Clothier tied into menswear business

Candid Closet

October 16, 1997|By Stephanie Shapiro | Stephanie Shapiro,SUN STAFF

Frank Tworecke has been in Baltimore for only 2 1/2 years, but the president of Jos. A. Bank Clothiers knows his local market down to its buttonholes, pleats and lightweight woolen jackets.

Tworecke also has his hand in a good cause, the Johns Hopkins Children's Center, for which he has collaborated on the Miracle Collection II, a new line of ties and suspenders inspired by the molecular structure of pediatric drugs. All proceeds from these colorful accessories benefit the Children's Center.

The newest line will be launched at 1 p.m. today at the Bank store, 100 E. Pratt St.

You worked at the now-defunct Merry-Go-Round briefly, and now Jos. A. Bank. That's a fashion divide.

In the apparel business, everything is fashion. The only question is how fast does it turn and does it change? The young men's junior cycle tends to move much faster than the menswear business, which is a slower cycle. The clothes have a longer longevity.

How do you survive fashion turnaround?

I'm more of a classic person when it comes to my dress. To me updated is classic styling with newer colorations and newer silhouettes. For example, I love cashmere sweaters, but I like to have them cabled or in a polo model.

It isn't dowdy; it's classic, but with a current feel to it.

What other updated styles do you favor?

I like the new sculpted-collared shirts, like Pat Riley wears with that little cutout.

It's tradition with a twist, and you're not looking like the guy on the Ivy League ads who has been looking the same way for the last 25 years.

How do you update Jos. A. Banks' overall conservative look?

For the younger kids there are three-button coats now. We see that coming in and actually replacing double breasted coats. I own some.

What new colorations do you lean toward?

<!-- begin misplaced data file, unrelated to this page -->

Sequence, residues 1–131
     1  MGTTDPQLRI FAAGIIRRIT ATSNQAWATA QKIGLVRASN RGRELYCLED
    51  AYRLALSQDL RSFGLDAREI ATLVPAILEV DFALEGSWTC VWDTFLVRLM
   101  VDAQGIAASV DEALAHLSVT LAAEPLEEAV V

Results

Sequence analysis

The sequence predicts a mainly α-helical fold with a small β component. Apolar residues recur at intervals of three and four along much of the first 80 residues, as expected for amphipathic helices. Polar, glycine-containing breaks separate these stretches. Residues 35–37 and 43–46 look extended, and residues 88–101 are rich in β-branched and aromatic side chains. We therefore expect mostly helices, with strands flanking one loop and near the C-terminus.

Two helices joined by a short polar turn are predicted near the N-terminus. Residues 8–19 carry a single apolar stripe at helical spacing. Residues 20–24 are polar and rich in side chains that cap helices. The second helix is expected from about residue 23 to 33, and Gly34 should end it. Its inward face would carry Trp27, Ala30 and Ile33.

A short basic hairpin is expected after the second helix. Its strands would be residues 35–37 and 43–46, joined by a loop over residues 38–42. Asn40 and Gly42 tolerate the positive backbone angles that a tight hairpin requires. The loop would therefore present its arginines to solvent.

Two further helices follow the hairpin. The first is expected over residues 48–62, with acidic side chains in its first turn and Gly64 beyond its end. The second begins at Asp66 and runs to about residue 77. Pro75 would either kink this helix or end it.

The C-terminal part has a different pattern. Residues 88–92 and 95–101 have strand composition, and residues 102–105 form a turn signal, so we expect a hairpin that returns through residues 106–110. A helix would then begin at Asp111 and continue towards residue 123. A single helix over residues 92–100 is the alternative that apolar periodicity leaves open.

I love the earth tones: the olives, the browns, camels and grays.

Do you wear sports jackets?

A lot in cashmere and silk. I have one with a subtle herringbone pattern in it, and another with a nail-head pattern, like a little dot design. I'll wear that with no vents and a pleat, three buttons. Here we go again with the update.

How do you compare the respective fashion quotients of New York, where you worked for 15 years, and Baltimore?

In New York, they tend to be more trend-driven. Men in Baltimore are very fashionable. They tend to gear themselves more to updated traditional style of dress.

Did you dress snazzier in New York?

Nah. I always wanted to look like Ralph Lauren -- with a twist.

How do you choose your ties?

My neckwear is all woven silk vs. printed silk.

Are you into wild ties?

My ties are of the moment. They're not crazy, wildly patterned ties. They're neat patterns, with colorations in copper and silver. I even have some in gold. Ties are really a very personal expression for the man. Where he may be conservative in almost everything else he does, he can reach out a little with his ties.

How did you develop the miracle ties?

The drugs were photographed under an electron microscope. The patterns tended to be very geometric. We sent them over to Stonehenge tie manufacturers, who brought them to Italy and colored them up and had them printed on silk.

Would you wear these ties?

For a special occasion I would. It's a great conversation piece.

How much do they cost?

The ties are $39.50 and the suspenders are $30. Last year, we raised $70,000 for the Children's Center.

Pub Date: 10/16/97

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